Mentions: From the structuralperspective, the topological organization of higher-order DNA structure basedon selective use of a limited set of potential MARs (as seen in nuclei fromnewborn and baby animals) is highly asymmetrical and the natural trend for mostphysical systems is towards reducing the asymmetries in such a way that thesystem evolves in time so as to become more symmetrical [84-86]. A topologicalconfiguration in which most potential MARs are actually bound to the NM, thusresulting in shorter and more stable DNA loops, is also a more symmetricalstructural attractor. Moreover, since entropy is not a measure of disorder orchaos, but of energy diffusion, dissipation or dispersion in a final statecompared to an initial state [87], such a highly-stable DNA-loop configurationsatisfies the second law of thermodynamics since the structural stress alongthe DNA molecule is more evenly dispersed within the nuclear volume byincreasing the number of DNA-NM interactions (thus increasing, in terms ofmolecular thermodynamics, the occupancy of more microstates in phase space). Alarger number of DNA-NM interactions create a structural complex, similar to ahanging bridge in which beams (proteins) and tensors (DNA) interact forcreating a highly stable overall structure. Thus any relatively stableinteraction between two NM-protein filaments will be further stabilized if agiven DNA loop interacts with both filaments, but also the stability of the DNAloop shall be increased by the interaction with both protein filaments,resulting in a self-reinforcing structural stability that operates at the scaleof the whole interphase nucleus (Figure 1).

Bottom Line: Replicative senescence (RS) that limits the proliferating potential of normal eukaryotic cells occurs either by a cell-division counting mechanism linked to telomere erosion or prematurely through induction by cell stressors such as oncogene hyper-activation.Here I present and discuss evidence that the interactions between DNA and the nuclear substructure, commonly known as the nuclear matrix, define a higher-order structure within the cell nucleus that following thermodynamic constraints, stochastically evolves towards maximum stability, thus becoming limiting for mitosis to occur.It is suggested that this process is responsible for ultimate replicative senescence and yet it is compatible with long-term cell survival.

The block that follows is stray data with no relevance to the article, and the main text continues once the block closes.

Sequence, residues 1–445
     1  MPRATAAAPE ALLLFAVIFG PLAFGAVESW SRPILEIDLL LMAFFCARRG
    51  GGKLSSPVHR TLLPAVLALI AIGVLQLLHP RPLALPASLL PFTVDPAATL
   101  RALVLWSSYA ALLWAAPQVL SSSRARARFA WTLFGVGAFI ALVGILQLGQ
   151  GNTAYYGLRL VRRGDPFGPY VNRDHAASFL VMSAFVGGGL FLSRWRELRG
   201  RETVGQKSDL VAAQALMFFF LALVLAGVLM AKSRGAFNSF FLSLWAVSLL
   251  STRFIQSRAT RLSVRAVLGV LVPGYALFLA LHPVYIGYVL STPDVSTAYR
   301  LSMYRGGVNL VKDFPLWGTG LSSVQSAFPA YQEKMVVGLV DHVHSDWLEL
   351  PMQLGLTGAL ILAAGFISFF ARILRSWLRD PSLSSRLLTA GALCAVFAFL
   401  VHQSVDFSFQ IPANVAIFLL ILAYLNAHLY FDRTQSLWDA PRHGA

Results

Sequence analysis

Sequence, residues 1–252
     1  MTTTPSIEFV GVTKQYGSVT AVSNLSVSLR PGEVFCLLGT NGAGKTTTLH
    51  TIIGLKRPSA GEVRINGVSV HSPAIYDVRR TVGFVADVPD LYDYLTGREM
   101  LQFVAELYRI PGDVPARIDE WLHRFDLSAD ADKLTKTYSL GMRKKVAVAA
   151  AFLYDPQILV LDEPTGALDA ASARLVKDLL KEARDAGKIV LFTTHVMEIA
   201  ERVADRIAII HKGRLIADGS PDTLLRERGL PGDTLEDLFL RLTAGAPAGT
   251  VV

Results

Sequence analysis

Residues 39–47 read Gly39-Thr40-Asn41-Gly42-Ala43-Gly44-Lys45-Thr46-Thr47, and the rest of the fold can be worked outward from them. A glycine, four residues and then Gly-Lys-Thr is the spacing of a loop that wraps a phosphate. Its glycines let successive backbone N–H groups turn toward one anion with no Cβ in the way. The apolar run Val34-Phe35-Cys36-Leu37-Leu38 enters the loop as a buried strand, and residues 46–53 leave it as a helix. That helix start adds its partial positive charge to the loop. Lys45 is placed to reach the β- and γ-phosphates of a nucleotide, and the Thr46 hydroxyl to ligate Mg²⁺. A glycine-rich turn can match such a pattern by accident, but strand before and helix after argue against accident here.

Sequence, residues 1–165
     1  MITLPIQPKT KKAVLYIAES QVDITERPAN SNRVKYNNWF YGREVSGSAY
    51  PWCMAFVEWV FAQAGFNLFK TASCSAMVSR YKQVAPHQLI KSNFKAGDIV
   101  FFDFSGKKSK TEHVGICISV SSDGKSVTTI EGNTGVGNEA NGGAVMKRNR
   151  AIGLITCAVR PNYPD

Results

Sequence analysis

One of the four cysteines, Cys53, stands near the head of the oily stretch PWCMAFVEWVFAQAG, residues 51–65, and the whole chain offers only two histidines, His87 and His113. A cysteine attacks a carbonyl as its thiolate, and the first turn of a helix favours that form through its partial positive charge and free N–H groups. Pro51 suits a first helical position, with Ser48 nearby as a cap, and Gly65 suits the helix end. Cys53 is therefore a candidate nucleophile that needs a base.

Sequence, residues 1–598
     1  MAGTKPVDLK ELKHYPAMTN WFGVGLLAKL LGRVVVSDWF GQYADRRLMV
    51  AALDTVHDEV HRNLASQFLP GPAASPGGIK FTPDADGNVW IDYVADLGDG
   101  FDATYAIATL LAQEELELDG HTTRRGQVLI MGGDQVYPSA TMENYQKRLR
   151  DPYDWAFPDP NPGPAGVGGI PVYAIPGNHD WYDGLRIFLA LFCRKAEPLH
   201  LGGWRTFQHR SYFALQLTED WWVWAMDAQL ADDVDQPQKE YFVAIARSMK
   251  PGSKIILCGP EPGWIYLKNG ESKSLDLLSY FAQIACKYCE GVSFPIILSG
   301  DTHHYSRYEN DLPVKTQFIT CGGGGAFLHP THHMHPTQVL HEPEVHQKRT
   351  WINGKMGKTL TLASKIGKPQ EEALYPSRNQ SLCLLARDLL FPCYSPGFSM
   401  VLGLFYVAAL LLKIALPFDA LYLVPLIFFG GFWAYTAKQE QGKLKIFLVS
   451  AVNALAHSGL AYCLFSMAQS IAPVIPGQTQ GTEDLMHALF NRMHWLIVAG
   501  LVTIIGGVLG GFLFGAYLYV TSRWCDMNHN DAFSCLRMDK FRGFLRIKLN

View Article: PubMed Central - PubMed

Affiliation: Laboratorio de Biología Molecular, Facultad de Medicina, Universidad Autónoma del Estado de México, Paseo Tollocan y Jesús Carranza, Toluca, Edo. Méx., México. aaa@uaemex.mx

ABSTRACT
Replicative senescence (RS) that limits the proliferating potential of normal eukaryotic cells occurs either by a cell-division counting mechanism linked to telomere erosion or prematurely through induction by cell stressors such as oncogene hyper-activation. However, there is evidence that RS also occurs by a stochastic process that is independent of number of cell divisions or cellular stress and yet it leads to a highly-stable, non-reversible post-mitotic state that may be long-lasting and that such a process is widely represented among higher eukaryotes. Here I present and discuss evidence that the interactions between DNA and the nuclear substructure, commonly known as the nuclear matrix, define a higher-order structure within the cell nucleus that following thermodynamic constraints, stochastically evolves towards maximum stability, thus becoming limiting for mitosis to occur. It is suggested that this process is responsible for ultimate replicative senescence and yet it is compatible with long-term cell survival.

Show MeSH
Related in: MedlinePlus